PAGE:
A secondary analysis of the COAPT trial, which sought to account for differences in the findings of COAPT and the Mitra-FR trial in patients with secondary mitral regurgitation (MR), has concluded that a divergence between the two studies over inclusion criteria relating to “proportionate and disproportionate” MR did not predict outcomes within the COAPT trial.
COAPT was a randomised trial evaluating transcatheter mitral valve repair with the MitraClip (Abbott) device in patients with heart failure and moderate-to-severe or severe secondary MR who remained symptomatic despite maximally-tolerated guideline directed medical therapy. Results of COAPT showed that at two years, using MitraClip to manage patients with secondary mitral regurgitation was associated with a significant reduction in heart failure hospitalisation.
Controversially however, this was at odds with findings of Mitra-FR, which also compared percutaneous edge-to-edge repair using the MitraClip device with medical therapy alone in patients with secondary mitral regurgitation, concluding that the use of the device does not significantly reduce the composite rate of all-cause death and hospitalisation for heart failure compared with medical therapy.
The analysis by JoAnn Lindenfield (Vanderbilt Heart and Vascular Institute, Nashville, USA), published online this month in JAMA Cardiology, looked to test the “proportionate-disproportionate hypothesis”, which centres the ratio of effective regurgitant orifice area (EROA) to left ventricular end-diastolic volume (LVEDV).
The idea that proportionate and disproportionate MR could reconcile the results of the Mitra-FR and COAPT trials was first put forward by Paul Grayburn (Baylor Heart and Vascular Institute, Dallas, USA), Anna Sannino (Federico II University of Naples, Naples, Italy) and Milton Packer (Baylor Heart and Vascular Institute, Dallas, USA) in an editorial published in JACC: Cardiovascular Imaging in 2019.
Grayburn et al suggested that the Mitra-FR trial enrolled patients who had MR that was proportionate to the degree of left ventricular (LV) dilatation, and during long-term follow-up, the LVEDV and clinical outcomes of these patients did not differ from medically-treated control subjects. In comparison, they noted, patients enrolled in the COAPT trial had an EROA ≈30% higher but LV volumes that were ≈30% smaller, indicative of disproportionate MR. In these patients, transcatheter mitral valve repair reduced the risk of death and hospitalisation for heart failure, and these benefits were paralleled by a meaningful decrease in LVEDV, they wrote, adding that characterisation of MR as proportionate or disproportionate to LVEDV “appears to be critical to the selection of an optimal treatment for patients with chronic heart failure and systolic dysfunction”.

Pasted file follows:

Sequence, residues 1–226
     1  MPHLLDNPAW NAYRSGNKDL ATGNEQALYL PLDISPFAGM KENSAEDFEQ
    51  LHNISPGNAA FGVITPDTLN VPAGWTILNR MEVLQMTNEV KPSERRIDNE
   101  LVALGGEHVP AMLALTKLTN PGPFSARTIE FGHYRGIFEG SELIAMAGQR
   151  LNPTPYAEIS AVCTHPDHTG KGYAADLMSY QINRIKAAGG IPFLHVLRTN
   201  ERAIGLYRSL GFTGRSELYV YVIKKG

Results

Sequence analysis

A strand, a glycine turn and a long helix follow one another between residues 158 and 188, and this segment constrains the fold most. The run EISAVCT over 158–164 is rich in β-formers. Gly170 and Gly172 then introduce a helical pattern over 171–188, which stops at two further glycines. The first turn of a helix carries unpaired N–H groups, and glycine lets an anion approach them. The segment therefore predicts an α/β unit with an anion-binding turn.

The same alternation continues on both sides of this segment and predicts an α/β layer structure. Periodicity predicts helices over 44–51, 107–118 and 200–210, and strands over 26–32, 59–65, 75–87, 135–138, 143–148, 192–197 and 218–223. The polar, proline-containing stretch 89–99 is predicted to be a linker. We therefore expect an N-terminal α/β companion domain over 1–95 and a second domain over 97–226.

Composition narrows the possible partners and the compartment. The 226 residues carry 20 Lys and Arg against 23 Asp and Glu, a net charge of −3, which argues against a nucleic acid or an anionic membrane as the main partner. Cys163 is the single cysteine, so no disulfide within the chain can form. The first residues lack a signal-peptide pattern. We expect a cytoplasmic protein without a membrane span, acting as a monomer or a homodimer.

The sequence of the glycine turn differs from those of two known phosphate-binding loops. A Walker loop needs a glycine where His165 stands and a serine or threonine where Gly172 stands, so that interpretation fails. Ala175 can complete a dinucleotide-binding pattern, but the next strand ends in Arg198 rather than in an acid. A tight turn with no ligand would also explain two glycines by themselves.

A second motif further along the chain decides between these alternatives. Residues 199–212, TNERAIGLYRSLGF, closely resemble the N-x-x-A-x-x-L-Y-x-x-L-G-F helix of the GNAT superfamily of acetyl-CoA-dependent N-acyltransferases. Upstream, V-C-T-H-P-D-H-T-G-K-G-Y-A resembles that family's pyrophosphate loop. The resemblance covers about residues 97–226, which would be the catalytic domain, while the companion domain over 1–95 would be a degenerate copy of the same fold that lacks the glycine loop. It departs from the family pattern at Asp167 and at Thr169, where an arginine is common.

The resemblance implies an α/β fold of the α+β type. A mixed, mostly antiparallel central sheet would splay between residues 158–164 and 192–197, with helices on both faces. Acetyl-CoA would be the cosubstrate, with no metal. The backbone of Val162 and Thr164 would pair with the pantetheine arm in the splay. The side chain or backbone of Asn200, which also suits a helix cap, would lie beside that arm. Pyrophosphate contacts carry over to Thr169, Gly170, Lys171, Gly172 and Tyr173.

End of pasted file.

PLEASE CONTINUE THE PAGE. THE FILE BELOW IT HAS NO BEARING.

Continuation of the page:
To test this theory, Lindenfeld et al carried out a post hoc secondary analysis of the COAPT trial, evaluating a sub-group of 56 COAPT patients with characteristics consistent with those in Mitra-FR (HF with grade 3+ to 4+ SMR, left ventricular ejection fraction of 20%-50%, and New York Heart Association function class II-IV). These were compared with the remaining 492 COAPT patients using the end point of all-cause mortality or heart failure hospitalisation at 24 months, components of the primary end point, and quality of life (QOL).
The analysis found that in the sub-group of patients consistent with those in the Mitra-FR trial, there was no significant difference in the composite rate of all-cause mortality or heart failure hospitalisation between those receiving the MitraClip plus guideline-directed medical therapy versus medical therapy alone at 24 months (27.8% vs 33.1%, p=0.83) compared with a significant difference at 24 months (31.5% vs 50.2%, p<0.001) in the remaining patients. While this finding supports the hypothesis that disproportionate MR benefits from MitraClip in terms of mortality and HF hospitalisation, all subgroups randomised to receive MitraClip versus those treated with medical therapy alone had significantly greater improvement in QOL at 12 months. The results led Lindenfeld and colleagues to conclude that the benefit of transcatheter mitral valve repair is not fully supported by the proportionate-disproportionate hypothesis.
“It is not surprising that the proportionality analysis, while appealing in its simplicity, falls short,” writes Linda Gillam (Morristown Medical Center/Atlantic Health System, Morristown, USA) in an editorial accompanying the publication of the analysis in JAMA Cardiology.
Gillam notes that the difference between the COAPT and Mitra-FR results remains “incompletely explained and likely multifactorial,” adding that patient selection for transcatheter mitral valve replacement “remains problematic” and it is not appropriate to select or exclude patients with secondary MR based on the EROA to LVEDV ratio, the RV to LVEDV ratio, or the dichotomisation of MR as proportionate or disproportionate.
“In the end, whether additional studies or real-world experience with TMVr for secondary MR more closely reproduce COAPT or Mitra-FR results is perhaps most important and remains to be seen,” Gillam concludes.